Here’s Rob’s approximate recipe for kombucha:

  1. Use about 10-15 tablespoons of plain loose black tea per gallon of finished kombucha. Put the tea into a piece of cheesecloth and tie it with a string to form a “teabag.” Make sure the water has room to circulate inside the bag.
  2. Steep the tea at a relatively low temperature (150-170℉) for a couple hours. Be sure to brew a highly concentrated tea, so you can cool it off by diluting it with cold water (step four).
  3. After the tea is brewed, remove the teabag and add granulated sugar to taste. Use less sugar for a shorter ferment and lighter flavor, or more sugar for stronger sweet and sour flavors. Rob usually aims for an overly sweet Southern-style sweet tea.
  4. Add cold water bring all the liquid to room temperature. Add some existing kombucha (about 10% by volume) and your SCOBY. Add room temperature water to achieve your target volume. If your SCOBY sinks, don’t worry, it’s probably just the water temperature or new environment.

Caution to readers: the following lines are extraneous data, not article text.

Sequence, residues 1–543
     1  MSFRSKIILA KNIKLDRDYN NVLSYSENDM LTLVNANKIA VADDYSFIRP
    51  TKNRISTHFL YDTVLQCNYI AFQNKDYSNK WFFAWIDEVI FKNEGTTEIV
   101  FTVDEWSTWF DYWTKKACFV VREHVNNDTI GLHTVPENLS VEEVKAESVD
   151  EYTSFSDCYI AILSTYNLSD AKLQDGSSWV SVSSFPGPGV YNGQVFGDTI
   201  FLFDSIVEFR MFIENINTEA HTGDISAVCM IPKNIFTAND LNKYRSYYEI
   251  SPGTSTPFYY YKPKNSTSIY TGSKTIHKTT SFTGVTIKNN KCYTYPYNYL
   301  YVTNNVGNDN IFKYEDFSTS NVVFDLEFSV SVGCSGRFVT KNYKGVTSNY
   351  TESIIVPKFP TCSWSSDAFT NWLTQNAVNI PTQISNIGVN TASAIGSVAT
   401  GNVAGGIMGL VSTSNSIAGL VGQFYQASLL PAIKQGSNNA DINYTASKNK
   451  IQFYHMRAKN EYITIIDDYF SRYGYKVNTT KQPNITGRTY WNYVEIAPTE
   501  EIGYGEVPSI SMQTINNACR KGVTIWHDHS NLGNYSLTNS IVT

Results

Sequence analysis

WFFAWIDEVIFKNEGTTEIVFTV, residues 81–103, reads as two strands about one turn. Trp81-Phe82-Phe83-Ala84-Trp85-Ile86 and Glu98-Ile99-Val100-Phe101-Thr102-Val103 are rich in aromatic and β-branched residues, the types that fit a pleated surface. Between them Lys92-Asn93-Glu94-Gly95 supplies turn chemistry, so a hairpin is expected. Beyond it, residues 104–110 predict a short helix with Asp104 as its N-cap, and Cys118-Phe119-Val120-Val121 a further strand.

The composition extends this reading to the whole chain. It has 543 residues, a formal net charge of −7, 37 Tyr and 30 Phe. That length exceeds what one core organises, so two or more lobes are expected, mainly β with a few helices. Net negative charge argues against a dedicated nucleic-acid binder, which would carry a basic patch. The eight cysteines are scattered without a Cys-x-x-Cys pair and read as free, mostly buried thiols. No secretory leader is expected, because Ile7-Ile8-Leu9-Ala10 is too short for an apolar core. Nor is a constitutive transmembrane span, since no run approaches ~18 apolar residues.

5. Taste each day to see how it’s coming along. You should taste the result of fermentation after a couple days. If you don’t, give it longer. If your SCOBY is on the surface and has no mold on top, it’s probably fine. If it’s been totally on the bottom of a week and your tea has no bubbles if you stir it, you may have a problem. When in doubt, remember to trust your tastebuds and believe in your SCOBY.
  6. You can improvise in countless ways, which is part of the fun!

If you’re interested in learning more about wild fermentation, Rob recommends reading “The Art of Fermentation” by Sandor Ellix Katz.